As Winds Dance

Samuel R. Hazo
Boosey & Hawkes, 2003


The composer, Samuel R. Hazo, notes that he can still hear his college sight-singing professor, Dr. Louis Munkachy, telling him, in his thick Hungarian accent, “Repetition is the mother of knowledge.”  For every bit of truth this statement holds, it is equally true that repetition is that natural enemy to the eleven to thirteen year-old.  Their motto more resembles:  I did it great once; therefore, greatness must flow from me.  So in trying to compose a piece that painlessly introduced middle level students to syncopation, Hazo knew that repetition had to be present, but disguised so as not to look like something instructive.  Moreover, the students would need to perceive (on their own) that the musical needs of the piece dictated how many times a syncopated rhythm would recur.  I believe that balance exists in As Winds Dance. 

The composition opens with light brushes on the snare drum playing the repetitive 3/4 syncopated rhythm “Ta Ta Get Me Out Of Here”.  The entire band joins in this unison syncopated figure with a light lyrical melody being played above it, until a more chorale-like section appears at measure 25.  The rest of the piece is basically passing the syncopated figure and the chorale figure back and forth.

Performance Notes

As Winds Dance (2003) was commissioned or the McKnight & Peebles School Bands, directed by Stephen J. Krause, in the Allegheny School District of Pittsburgh, Pennsylvania.

Musical Challenges

As the composer notes, this composition is designed to teach syncopation.  Therein is the biggest musical challenge for the young ensemble.  The syncopated figure repeats quite often, which could be a good or bad thing!  If the students are able to play the figure, the performance should be relatively easy.  If not, the performance won’t be successful.

Hazo also does a masterful job of juxtaposing the lyrical dotted half-note melody against the syncopated ostinato.  Students can explore lyrical phrasing and expressive playing while also learning about syncopation.  This is a great opportunity to teach students about contrast and texture as they’re learning a piece they’re sure to enjoy.

Finally, within the syncopated section there are very specific articulation markings.  If students execute the articulations as written, the syncopation will come easily.  This will also lend a more “3-dimensional” feel to the work and allow it to sound more advanced than it actually is.

This piece is a solid Grade 2, with many teaching opportunities!

About the Composer

Samuel R. Hazo (b. 1966) resides in Pittsburgh, Pennsylvania, with his wife and children. In 2003, Mr. Hazo became the first composer in history to be awarded the winner of both composition contests sponsored by the National Band Association. He has composed for the professional, university and public school levels in addition to writing original scores for television, radio and the stage. His original symphonic compositions include performances with actors Brooke Shields, James Earl Jones, David Conrad and Richard Kiley. He has also written symphonic arrangements for three-time Grammy Award winning singer/songwriter Lucinda Williams. Mr. Hazo’s compositions have been performed and recorded world-wide, including performances by the Tokyo Kosei Wind Orchestra (national tour), the Birmingham Symphonic Winds (UK) and the Klavier Wind Project’s recordings with Eugene Migliaro Corporon. Additionally, his music is included in the series "Teaching Music Through Performance in Band." Mr. Hazo's works have been premiered and performed at the Music Educators’ National Conference, Midwest Band and Orchestra Clinic, World Association for Symphonic Bands and Ensembles Convention, National Honor Band of America, National Band Association/TBA Convention, College Band Directors’ National Association Convention and also aired in full-length programs on National Public Radio. He has served as composer-in-residence at Craig Kirchhoff’s University of Minnesota Conducting Symposium and has also lectured on music and music education at universities and high schools internationally. In 2004, Mr. Hazo's compositions were listed in a published national survey of the "Top Twenty Compositions of All Time" for wind band.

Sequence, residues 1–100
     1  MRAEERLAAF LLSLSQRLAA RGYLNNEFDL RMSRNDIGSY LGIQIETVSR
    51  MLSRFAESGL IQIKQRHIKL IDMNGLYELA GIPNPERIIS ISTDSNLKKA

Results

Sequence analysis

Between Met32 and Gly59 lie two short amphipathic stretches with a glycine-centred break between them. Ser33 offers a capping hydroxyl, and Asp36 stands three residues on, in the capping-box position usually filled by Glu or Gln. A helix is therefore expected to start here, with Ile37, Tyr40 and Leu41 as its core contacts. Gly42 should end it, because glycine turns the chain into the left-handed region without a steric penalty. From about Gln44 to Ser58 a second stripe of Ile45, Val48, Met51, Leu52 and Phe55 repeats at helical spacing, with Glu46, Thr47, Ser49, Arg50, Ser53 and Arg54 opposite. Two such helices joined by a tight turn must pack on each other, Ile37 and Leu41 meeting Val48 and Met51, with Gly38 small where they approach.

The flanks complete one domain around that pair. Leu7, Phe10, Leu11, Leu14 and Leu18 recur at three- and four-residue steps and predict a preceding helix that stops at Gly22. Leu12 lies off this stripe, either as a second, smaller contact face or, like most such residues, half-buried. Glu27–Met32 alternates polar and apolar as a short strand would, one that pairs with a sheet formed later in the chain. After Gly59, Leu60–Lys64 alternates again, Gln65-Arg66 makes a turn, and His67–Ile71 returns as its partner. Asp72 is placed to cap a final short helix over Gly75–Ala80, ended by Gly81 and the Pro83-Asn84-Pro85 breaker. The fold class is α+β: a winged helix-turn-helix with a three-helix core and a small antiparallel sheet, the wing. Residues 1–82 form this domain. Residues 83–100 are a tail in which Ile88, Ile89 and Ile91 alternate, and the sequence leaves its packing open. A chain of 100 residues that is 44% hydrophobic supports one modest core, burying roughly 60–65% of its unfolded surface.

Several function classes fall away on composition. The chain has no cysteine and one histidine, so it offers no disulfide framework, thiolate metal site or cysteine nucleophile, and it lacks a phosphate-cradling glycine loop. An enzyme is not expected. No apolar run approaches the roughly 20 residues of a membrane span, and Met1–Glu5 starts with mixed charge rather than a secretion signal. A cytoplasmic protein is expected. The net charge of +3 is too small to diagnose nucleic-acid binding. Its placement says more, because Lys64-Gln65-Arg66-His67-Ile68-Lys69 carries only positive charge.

Mr. Hazo has been a music teacher at every educational grade level from kindergarten through college, including tenure as a high school and university director. He received his bachelor’s and master’s degrees from Duquesne University where he served on the Board of Governors and was awarded as Duquesne’s Outstanding Graduate in Music Education. Mr. Hazo serves as a guest conductor and is a clinician for Hal Leonard Corporation. Recordings of his compositions appear on Klavier Records and Mark Records.